Non-refoulement, push-backs and the EU response to irregular migration

The non-refoulement principle has become entrenched so deeply in international and constitutional law since 1953 that it has, under the unforeseen later developments, trumped more fundamental interests and brought the whole system of popular sovereignty out of balance. This article provides a good overview for those who want to find out how that happened.

European Parliamentary Research Service Blog

Written by Susan Saliba

boats © European Union – EP, 2014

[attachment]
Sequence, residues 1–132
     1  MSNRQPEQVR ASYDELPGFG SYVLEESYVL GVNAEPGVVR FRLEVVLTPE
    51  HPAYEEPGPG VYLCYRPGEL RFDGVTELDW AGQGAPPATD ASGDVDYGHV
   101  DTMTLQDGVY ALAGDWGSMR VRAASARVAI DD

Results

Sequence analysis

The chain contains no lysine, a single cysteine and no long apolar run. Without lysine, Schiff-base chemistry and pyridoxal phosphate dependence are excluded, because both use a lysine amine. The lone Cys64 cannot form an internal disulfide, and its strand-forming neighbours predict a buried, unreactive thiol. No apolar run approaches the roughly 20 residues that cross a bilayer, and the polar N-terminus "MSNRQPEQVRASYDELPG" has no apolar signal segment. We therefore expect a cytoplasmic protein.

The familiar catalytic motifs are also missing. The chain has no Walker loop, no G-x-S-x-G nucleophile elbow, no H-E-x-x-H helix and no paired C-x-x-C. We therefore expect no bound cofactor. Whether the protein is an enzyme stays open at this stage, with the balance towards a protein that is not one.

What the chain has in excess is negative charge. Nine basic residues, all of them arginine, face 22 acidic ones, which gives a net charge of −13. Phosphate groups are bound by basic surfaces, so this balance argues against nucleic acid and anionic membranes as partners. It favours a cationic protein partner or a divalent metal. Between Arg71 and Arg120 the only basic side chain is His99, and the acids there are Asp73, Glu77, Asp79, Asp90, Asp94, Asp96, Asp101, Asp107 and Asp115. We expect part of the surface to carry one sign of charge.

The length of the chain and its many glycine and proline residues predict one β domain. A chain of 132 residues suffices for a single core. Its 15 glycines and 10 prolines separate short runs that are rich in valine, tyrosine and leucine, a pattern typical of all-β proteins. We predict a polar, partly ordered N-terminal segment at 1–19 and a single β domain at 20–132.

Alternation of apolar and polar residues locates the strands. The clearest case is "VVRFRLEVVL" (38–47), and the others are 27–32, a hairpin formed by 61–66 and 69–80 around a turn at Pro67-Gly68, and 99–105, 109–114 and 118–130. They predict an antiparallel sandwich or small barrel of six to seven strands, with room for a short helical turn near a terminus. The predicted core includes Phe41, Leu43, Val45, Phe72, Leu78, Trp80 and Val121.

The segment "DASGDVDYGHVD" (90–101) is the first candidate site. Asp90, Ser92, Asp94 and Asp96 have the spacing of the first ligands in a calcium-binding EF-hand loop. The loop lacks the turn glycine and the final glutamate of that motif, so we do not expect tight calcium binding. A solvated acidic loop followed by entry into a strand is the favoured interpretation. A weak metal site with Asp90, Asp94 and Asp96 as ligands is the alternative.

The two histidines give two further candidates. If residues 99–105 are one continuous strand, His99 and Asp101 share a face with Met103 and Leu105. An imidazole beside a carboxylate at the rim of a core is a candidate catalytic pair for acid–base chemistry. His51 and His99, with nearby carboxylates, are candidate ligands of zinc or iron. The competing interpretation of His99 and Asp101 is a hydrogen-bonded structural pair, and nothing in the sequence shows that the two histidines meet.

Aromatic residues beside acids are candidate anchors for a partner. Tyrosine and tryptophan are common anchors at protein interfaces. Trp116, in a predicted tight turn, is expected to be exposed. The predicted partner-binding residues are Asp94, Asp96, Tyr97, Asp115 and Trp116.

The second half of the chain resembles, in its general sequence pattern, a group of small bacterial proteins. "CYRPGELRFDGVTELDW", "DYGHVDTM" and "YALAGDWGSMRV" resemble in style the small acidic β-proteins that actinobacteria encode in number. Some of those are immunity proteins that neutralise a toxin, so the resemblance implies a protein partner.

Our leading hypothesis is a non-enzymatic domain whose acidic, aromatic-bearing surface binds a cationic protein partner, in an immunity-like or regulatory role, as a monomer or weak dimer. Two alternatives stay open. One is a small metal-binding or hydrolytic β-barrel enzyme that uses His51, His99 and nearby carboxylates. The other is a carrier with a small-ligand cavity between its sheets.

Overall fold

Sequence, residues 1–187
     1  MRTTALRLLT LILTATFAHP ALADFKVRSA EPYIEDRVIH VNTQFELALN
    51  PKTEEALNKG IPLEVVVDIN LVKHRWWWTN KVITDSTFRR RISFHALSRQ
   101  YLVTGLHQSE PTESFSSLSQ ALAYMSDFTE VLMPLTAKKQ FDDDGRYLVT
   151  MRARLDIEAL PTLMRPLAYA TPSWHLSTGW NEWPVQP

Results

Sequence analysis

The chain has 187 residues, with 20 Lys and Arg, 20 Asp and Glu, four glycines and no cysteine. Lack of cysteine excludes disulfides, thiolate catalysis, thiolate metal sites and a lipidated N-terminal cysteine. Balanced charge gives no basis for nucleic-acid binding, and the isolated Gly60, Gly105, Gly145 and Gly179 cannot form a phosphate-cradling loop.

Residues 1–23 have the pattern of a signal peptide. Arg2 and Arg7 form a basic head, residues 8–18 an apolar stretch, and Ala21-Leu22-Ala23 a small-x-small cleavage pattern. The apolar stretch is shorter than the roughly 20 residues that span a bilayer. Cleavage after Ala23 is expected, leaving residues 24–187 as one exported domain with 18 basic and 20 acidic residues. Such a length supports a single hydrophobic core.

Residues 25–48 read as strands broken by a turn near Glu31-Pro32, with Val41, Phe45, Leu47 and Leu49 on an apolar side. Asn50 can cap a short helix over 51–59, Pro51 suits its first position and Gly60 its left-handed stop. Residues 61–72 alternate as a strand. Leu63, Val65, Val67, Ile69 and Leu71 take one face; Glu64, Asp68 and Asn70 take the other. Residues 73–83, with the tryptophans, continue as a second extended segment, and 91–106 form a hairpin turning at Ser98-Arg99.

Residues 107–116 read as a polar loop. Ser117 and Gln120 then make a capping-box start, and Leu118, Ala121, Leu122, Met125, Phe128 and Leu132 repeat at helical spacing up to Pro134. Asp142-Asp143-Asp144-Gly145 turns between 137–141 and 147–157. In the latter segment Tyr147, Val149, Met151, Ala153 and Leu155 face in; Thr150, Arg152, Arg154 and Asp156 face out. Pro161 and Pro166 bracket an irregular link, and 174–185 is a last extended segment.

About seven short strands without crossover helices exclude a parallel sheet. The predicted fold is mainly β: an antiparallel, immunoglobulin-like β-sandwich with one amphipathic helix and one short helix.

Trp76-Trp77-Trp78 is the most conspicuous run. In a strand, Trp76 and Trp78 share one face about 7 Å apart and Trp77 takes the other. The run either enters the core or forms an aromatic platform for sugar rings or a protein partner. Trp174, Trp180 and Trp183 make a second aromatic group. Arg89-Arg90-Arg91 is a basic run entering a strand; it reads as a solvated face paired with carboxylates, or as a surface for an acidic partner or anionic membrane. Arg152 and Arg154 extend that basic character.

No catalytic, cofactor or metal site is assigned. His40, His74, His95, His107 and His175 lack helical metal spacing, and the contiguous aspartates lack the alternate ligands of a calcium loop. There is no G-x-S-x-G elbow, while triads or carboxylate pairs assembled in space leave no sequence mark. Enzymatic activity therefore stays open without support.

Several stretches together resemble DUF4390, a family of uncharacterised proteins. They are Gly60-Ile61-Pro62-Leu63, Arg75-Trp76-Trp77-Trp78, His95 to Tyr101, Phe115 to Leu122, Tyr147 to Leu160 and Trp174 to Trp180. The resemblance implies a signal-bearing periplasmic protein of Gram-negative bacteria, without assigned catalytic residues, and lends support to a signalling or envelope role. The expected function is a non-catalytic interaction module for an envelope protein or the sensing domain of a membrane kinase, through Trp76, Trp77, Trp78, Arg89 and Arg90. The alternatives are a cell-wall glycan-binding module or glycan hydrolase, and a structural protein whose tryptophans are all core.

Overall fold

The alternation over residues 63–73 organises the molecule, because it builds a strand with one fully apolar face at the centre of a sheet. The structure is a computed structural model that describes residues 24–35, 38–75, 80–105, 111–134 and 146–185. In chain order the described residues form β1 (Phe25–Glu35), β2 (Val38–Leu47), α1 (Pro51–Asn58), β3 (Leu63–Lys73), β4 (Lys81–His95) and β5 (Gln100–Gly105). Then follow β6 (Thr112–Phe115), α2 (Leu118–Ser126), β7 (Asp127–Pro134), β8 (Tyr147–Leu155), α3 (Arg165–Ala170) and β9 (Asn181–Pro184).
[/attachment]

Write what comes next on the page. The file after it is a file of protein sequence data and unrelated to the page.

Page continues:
Non-refoulement is a core principle of international refugee law. As a part of customary international law, it is binding on all States even if they are not parties to the 1951 Convention and 1967 Protocol. Article 33(1) of the 1951 Geneva Convention provides that ‚No Contracting State shall expel or return (“refouler”) a refugee in any manner whatsoever to the frontiers of territories where his life or freedom would be threatened on account of his race, religion, nationality, membership of a particular social group or political opinion ‚. The principle of non-refoulement is enshrined in EU law in Article 78(1) TFEU and Article 18 and 19 of the EU’s Charter of Fundamental Rights . Judgments of the European Court of Justice (CJEU) and the European Court of Human Rights (ECtHR) have also consolidated the application of this principle in the…

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